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Life and Death of a Porno Gang, The

Synapse Films // Unrated // August 14, 2012 // Region 0
List Price: $29.95 [Buy now and save at Amazon]

Review by Adam Tyner | posted August 20, 2012 | E-mail the Author
I vomited at some point during the first couple reels of The Life and Death of a Porno Gang.

Honestly, I'm kind of proud of that. Although I generally keep my distance from extreme cinema, I've still managed to endure the likes of Salò and Lars von Trier's Antichrist. Disgusted, repulsed, mortified...? Sure, sure, sure. Salò even
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left me gagging, as any movie with explicit coprophagia is likely to do. The Life and Death of a Porno Gang is the first to actually trigger that release, though. Too bad the press sheets have already been printed 'cause this is the sort of movie where "I vomited" is kind of a selling point.

Marko (Mihajlo Jovanovic) has put together a hell of a package for his feature film debut: an ambitious horror/fantasy drawing deeply from local mythology. Genre flicks don't really do any meaningful business in Serbia, no, but the infusion of local lore should change all that, plus a fright flick ought to rake in plenty of money internationally. He has a script, storyboards, conceptual art, and even a budget all mapped out; Marko just needs someone adventurous enough to pick up the tab. No one bites. Marko tries settling for porn, taken under the wing of the producer who corners the Serbian adult industry (Srdjan Miletic). Cane gives his protégé one single commandment to follow: no artsy shit. After Marko goes behind Cane's back, fritters away a bunch of the guy's money, and has a sociopolitical horror/porn with soil-fucking and zombie junkies to show for it, then...well, he's almost immediately on the mob's bad side. Cane's influence ensures that Marko's next endeavor -- the Balkans' first pornographic stage show -- doesn't make it through opening night either.

Marko and his porn troupe take their show on the road, fucking for farmers in backwater villages in the most depraved, demented ways imaginable. It's hardly enough. They're constantly being run out of town, and as admired as their shows are by the scattered few able to experience them, they're not even pulling in enough money to scrape by. One of Marko's admirers makes him an offer, though. Marko is empowered to
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push the envelope as far as his imagination will take him, and he and his performers will have all the money they'll ever need. All they have to do is serve a small but astonishingly lucrative market: snuff. Marko doesn't even have to think of it as murder; find people on the brink of suicide, offer them a sizeable stack of money to take care of their families after they're gone, and allow them to die grisly deaths on-camera. Marko quickly discovers he can't say no, setting his troupe on a dark and destructive path straight to Hell.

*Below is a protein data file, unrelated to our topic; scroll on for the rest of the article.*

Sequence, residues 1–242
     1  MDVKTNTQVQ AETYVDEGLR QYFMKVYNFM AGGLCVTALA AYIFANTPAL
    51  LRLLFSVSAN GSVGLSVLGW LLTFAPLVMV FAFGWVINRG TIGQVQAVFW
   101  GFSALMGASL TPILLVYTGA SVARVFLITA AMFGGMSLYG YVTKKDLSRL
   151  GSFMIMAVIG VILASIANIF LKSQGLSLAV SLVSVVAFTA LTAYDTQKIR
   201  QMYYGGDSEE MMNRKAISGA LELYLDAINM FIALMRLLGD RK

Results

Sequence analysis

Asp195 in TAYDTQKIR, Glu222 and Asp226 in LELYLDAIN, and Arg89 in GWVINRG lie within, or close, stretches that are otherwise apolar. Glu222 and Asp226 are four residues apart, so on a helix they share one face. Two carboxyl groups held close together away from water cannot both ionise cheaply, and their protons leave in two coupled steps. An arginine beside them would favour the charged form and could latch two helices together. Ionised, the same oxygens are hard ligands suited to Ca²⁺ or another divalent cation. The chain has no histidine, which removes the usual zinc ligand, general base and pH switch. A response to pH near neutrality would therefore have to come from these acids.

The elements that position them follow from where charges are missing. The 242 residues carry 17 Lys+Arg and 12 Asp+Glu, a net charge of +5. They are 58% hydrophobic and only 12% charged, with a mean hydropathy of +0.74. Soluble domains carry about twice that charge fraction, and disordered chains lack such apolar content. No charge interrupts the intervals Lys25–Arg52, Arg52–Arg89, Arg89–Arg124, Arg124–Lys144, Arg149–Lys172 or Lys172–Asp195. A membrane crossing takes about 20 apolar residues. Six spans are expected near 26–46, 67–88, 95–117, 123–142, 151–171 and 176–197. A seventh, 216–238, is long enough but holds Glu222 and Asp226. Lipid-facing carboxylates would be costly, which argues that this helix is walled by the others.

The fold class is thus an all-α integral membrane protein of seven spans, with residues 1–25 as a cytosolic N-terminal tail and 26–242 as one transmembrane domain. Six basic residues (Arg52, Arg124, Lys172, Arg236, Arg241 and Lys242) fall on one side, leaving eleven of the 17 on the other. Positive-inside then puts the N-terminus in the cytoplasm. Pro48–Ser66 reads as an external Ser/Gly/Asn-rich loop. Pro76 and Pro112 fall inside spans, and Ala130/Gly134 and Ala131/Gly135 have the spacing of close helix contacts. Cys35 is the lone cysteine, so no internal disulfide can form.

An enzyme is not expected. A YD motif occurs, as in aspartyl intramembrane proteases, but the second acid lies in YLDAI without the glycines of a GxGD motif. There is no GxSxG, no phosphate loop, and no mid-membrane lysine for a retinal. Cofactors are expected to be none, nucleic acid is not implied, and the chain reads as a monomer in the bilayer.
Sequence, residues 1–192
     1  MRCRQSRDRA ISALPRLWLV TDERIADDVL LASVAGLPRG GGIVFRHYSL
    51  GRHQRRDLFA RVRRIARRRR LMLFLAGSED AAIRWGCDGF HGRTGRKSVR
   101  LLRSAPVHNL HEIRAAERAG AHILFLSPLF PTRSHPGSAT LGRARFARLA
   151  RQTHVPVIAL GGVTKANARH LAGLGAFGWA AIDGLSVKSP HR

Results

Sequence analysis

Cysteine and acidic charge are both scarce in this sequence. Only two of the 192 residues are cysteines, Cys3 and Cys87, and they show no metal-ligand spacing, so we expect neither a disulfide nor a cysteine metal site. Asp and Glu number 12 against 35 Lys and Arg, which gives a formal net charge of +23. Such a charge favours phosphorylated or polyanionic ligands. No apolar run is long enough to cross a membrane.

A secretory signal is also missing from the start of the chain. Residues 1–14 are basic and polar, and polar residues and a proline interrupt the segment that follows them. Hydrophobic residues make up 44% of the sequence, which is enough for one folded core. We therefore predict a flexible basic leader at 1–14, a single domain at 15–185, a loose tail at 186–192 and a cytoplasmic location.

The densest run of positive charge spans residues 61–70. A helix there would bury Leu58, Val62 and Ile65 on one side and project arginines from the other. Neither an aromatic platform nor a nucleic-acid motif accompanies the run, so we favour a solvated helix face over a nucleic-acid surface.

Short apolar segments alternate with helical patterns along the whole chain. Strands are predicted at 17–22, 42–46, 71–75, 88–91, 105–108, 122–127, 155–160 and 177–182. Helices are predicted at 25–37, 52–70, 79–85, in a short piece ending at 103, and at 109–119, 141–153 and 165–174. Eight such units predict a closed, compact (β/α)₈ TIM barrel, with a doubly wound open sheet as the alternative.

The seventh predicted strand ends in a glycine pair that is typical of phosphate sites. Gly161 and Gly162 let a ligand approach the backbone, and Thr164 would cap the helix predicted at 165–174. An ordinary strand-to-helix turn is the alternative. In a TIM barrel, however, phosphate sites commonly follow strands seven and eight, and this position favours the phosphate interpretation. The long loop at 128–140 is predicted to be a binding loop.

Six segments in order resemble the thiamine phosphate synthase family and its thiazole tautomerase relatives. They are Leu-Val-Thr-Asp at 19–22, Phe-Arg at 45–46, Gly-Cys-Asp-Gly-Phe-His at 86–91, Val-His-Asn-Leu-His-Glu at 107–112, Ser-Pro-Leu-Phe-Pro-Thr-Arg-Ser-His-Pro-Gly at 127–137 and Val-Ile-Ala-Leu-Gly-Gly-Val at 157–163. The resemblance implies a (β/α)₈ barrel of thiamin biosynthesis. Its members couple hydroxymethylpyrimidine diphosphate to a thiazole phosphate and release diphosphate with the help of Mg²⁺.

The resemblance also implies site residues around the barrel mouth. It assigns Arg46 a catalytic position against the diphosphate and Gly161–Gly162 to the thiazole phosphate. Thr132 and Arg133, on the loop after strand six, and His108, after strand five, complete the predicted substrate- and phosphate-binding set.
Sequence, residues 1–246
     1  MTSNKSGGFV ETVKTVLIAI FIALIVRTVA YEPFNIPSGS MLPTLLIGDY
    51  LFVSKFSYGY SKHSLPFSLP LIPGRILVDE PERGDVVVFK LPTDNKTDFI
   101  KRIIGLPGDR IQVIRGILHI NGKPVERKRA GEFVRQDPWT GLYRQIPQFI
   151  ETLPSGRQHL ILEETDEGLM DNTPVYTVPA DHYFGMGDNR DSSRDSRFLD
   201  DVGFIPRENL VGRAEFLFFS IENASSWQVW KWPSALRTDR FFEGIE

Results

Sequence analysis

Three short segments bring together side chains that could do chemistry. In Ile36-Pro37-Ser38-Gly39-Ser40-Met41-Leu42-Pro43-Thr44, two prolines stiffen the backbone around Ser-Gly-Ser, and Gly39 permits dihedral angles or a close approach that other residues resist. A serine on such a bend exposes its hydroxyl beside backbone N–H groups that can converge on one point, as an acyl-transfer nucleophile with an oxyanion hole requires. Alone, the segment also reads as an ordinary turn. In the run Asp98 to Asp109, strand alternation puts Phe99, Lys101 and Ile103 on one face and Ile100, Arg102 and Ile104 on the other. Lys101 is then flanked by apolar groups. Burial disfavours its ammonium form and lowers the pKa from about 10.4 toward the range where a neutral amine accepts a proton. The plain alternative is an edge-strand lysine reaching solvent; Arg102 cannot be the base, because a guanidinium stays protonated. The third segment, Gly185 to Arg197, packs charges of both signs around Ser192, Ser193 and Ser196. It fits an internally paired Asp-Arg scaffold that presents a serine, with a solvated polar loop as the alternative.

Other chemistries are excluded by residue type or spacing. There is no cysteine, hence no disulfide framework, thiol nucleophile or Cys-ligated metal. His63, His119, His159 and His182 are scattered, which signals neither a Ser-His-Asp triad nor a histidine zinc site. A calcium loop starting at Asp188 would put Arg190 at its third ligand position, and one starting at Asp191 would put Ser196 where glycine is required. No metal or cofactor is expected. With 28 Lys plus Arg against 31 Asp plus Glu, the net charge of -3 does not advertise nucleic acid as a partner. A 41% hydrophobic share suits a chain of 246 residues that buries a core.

My revulsion with the likes of Salò and Antichrist doesn't just stem from the presence of such extreme imagery; it's that, after a point, there didn't seem to be a whole lot to either movie beyond their interminable, explicitly graphic parades of self-indulgence. The most disturbing moments of The Life and Death of a Porno Gang stand right alongside anything either of those other two movies deliver, including what seems like several minutes straight of vomiting, a transvestite fellating a horse, double penetration, and no shortage of sex and graphic murders. It's just that this Serbian faux-documentary doesn't lose sight of the fact that there's an actual film underneath it all. In fact, its most
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unwatchable imagery arrives fairly on; if you're able to stomach The Life and Death of a Porno Gang up to the point where the troupe puts on its first show, the rest of it's relatively smooth sailing. Blood-drenched and semen-stained sailing, sure, but smooth sailing just the same.

The Life and Death of a Porno Gang is, in fact, a character-driven film. Each member of the porn troupe is brought to life with remarkable depth and complexity. Their struggles and relationships matter, and that -- not the fucked-up imagery -- is ultimately what propels The Life and Death of a Porno Gang along. Director Mladen Djordjevic has assembled a supremely talented cast, and it's essential for a film posing as a documentary that the actors not appear to be acting; the artifices can never show, and here, they don't. The cast infuses the film with a haunted soul that's unrelentingly engaging. The Life and Death of a Porno Gang has much to say about exploitation in every sense of the word, and it's no coincidence that it's set against the backdrop of Slobodan Milošević's final months of power. The handheld DV camerawork lends the film an essential sense of immediacy, and that's deftly accomplished without compromising the skill and precision of the photography. The Life and Death of a Porno Gang does a brilliant job blurring the lines separating reality and illusion, to the point where I suspected that at least part of the audience of the troupe's sex shows might not have been in on the 'joke', that the footage of one particularly grisly war atrocity may be genuine, and that maybe that wasn't simulated sex after all. The extreme imagery is often realized with pronounced artistic strokes, with the sex shows sometimes playing like a XXX version of La Strada and the film's most memorable murder making more inventive use of a chainsaw than Tobe Hooper ever could've imagined.

You will be pushed to the brink by The Life and Death of a Porno Gang, but as repulsive and horrifying as its extreme imagery so often is, that never threatens to overwhelm the intelligence, artistry, or humanity at the film's core. Recommended.